Online Income Report 2018 – Year In Review

I’m a professional video game developer and author making a living solely online. Every few months I share a transparent income report which documents my latest earnings and experiences. My goal with these income reports is to inspire others and demonstrate that it’s entirely possible to make a living online doing what you love – for me, that’s creating games!

You can find out more about me or continue reading below…

What I Did This Year

2018 was an intense, overwhelming, and unrelenting year for me. I’ve never been busier and it shows: the last income report I wrote was back in 2017. So it’s been a while since you’ve heard from me. I was actually planning to get back on track with blogging in 2018, but as you’ll see below it wasn’t long before I had to throw my plans for 2018 out the window – and I’m glad I did.

New Horizons

For many years I have been completely satisfied with my online income. The money I make online pays my bills, affords a few luxuries, and enables a lifestyle where I get to do what I love for a living – designing video games – every single day of my life. I couldn’t ask for more…right?

Sure. Maybe. But could I?

Back in September 2017, I wrote that I was “thinking bigger” and asking myself a question: how big could my business grow if I made a conscious effort to let it? I have never aspired to run a large studio or a company. That’s someone else’s life. But as my business continues to grow, and I spend more time working with talented and amazing people, I’m consciously making decisions that lead down a path towards truly large-scale success. Or at least, I think they will.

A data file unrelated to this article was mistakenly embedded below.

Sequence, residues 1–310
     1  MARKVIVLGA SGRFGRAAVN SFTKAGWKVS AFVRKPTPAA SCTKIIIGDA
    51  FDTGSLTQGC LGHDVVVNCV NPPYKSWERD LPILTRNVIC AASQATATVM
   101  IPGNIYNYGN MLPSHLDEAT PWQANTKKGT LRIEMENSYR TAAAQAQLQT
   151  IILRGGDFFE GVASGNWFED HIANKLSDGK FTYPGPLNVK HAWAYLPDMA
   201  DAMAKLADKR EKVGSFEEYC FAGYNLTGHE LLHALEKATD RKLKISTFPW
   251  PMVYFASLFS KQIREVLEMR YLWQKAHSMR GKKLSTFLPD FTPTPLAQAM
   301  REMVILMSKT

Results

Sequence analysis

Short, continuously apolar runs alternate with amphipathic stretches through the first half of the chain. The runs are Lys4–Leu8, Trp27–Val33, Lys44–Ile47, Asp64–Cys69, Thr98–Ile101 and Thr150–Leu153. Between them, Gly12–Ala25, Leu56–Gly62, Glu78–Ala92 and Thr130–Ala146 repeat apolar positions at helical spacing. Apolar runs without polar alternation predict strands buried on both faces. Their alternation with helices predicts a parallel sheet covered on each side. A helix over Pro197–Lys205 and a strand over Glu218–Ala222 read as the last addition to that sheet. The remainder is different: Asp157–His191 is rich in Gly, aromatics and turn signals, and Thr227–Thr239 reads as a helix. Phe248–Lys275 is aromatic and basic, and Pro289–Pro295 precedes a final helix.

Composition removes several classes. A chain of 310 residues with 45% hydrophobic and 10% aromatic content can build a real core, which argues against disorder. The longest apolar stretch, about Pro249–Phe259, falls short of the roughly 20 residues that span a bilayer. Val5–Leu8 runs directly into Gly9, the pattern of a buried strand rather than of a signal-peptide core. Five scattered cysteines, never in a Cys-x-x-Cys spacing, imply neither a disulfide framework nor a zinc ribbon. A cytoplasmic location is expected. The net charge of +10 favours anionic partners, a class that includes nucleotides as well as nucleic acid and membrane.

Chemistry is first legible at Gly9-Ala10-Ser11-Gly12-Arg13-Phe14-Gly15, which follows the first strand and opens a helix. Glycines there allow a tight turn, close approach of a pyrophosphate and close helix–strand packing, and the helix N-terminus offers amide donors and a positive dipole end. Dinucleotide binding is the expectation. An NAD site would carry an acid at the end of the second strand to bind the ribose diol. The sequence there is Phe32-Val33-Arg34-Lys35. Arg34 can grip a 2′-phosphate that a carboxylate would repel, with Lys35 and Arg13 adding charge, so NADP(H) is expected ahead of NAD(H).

The source of this invisible motivation to scale up my business has finally become apparent to me: I’m connecting with the physical human element behind my digital online business.

I now speak with my team on a daily basis, often for hours at a time (mostly in a management role). This human connection is driving me to provide my team with more: higher wages, better job security, and improved flexibility. I want to show them how much I appreciate their long-term commitment to our work together.

And in order for my business to accomodate and sustain these changes, it has to scale up. The bigger my business gets, the more I can give back to my team. I really started to push my limits and explore new horizons in 2018.

So what have I been up to, exactly?

Contract Work

That’s a super boring headline – I know. I can imagine your eyes glazing over. If you were reading this on your phone in bed, you’ve probably just fallen into a deep slumber. You’re welcome.

But it’s true: I spent most of 2018 under contract working for a certain company based somewhere on the planet. Too vague? Unfortunately, I can’t share any specific details about the company or the project itself due to my contractual obligations. This is partially why I decided not to blog my online income in 2018 like I traditionally have in the past. I couldn’t talk about my main source of revenue in a meaningful way while under NDA.